To Name a Norn

Many Creatures fans will know that Ron was the 'first' Norn, but did you ever wonder why he was called Ron? And not Adam or something?

Well, back in the days when Creatures didn't have a publisher and in fact was a long way short of completion, the then development director, Ian Saunter, used to demonstrate it to Millennium visitors quite regularly, as well as at shows and exhibitions. The product and technology was still quite raw, but the fundamentals of the Norn's brains, drive system and bio-chemistry were pretty much in place. In order to impress the audience with exactly how 'alive' and unique each Norn was it was always necessary to start a demonstration from scratch, no pre-loaded Norns (Save & Load hadn't even been written at the time) and no cheat for instant vocabulary.

Said Ian, "I just had to go very fast and use the blackboard (this was pre-'learning machine') to teach a Norn to get around and do interesting stuff as quickly as possible and before a sceptical publisher would start to glaze over. Of course, sometimes the demonstrations turned into nightmares as fickle and disobedient Norns merrily did their own thing despite my frantic commands to the contrary. Ironically, my (genuine) frustration would often lead to hilarity and more believability from the intended audience. As part of my demo routine I would name the Norn after whoever I was showing off the game to, as this also helped to break the ice and keep things light-hearted. "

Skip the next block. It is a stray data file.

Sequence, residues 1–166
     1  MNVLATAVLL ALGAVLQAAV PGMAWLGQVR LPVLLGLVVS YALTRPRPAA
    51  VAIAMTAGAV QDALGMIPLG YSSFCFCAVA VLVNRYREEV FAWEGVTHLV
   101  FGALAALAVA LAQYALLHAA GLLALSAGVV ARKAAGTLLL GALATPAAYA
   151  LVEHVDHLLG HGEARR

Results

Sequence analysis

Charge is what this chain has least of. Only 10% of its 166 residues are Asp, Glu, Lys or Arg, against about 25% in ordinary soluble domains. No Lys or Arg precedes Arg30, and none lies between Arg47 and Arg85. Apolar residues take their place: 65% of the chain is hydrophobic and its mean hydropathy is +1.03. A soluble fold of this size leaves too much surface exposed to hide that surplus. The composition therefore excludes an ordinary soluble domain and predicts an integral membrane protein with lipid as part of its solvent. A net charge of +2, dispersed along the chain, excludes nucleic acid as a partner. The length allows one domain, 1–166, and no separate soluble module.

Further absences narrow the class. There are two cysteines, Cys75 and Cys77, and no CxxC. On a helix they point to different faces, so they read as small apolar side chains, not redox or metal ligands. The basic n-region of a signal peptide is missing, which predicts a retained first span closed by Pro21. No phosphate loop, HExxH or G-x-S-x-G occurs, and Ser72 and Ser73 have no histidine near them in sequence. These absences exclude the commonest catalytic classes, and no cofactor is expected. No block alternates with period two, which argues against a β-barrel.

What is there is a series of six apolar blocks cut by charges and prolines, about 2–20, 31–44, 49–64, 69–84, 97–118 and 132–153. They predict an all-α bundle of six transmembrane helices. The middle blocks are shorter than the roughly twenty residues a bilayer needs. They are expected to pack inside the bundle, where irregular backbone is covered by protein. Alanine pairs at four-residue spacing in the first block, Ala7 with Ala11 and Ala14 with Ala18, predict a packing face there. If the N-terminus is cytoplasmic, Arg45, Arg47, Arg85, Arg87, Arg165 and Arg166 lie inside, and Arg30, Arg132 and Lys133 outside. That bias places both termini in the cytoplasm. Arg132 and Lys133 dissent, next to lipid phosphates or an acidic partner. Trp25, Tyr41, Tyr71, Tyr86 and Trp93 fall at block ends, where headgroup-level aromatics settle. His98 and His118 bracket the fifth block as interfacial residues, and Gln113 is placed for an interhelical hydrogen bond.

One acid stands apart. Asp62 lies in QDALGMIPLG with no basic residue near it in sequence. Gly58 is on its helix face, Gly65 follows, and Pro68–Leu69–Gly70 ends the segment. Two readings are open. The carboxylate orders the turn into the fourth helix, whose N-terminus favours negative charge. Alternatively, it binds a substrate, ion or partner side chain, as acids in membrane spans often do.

One day the Creatures team were visited by a Senior Producer from a company called ASC (American Softworks Corp), for whom they were writing a game for the Super NES, based on Russ-Meyer Trolls, called Super Troll Islands (don't ask!). His name was Ron Rivkin. Sure enough, Ian was asked to show him the game and he did his usual thing.

Ian continues, "When I started the game and a Norn appeared (they just 'appeared', back then, there were no eggs or incubation machine) I named it Ron. And amazingly, miracle of miracles, it was the most attentive, quickest learning, most responsive and genuinely appealing Norn I had ever 'hatched'. The demo went perfectly. Everything about Ron was beyond expectation and the real Ron (Rivkin) was, I think, genuinely awe-struck."

And actually, so was Ian. So much so that he stopped naming Norns after whoever he was showing off to and started naming them 'Ron' right away, in the hope that the demos would go as well with a wonderfully co-operative Norn at his disposal. Ian later told Steve Grand the story and he started to do the same thing - and he must have enjoyed at least some success with it as well!

Of course, that first Ron only lived a matter of 20-30 minutes and could never be recreated. All the same, the name stuck and Ron became subsequently immortalised - and now you know from whence he came!


For those of you interested in the dim and distant history of the creation of Creatures here's a picture of a plaster of Paris model that Steve Grand made right back in the day when we first had the idea of using a real, physical model as the basis of the graphics for the first Creatures game. Crazy! Actually, we didn't even need to photograph it and scan it to realise that we should give the technique a try on a somewhat more bigger scale. Which, of course, is what we did. But this quirky and endearing object has survived in the boxes of artefacts Ian keeps around the place and has remained unseen (by anyone!) since just a few days after Steve left it in his office back in 1995. So there you go...

By the way, you will see a sign "Ron's" on the surface above the burrow.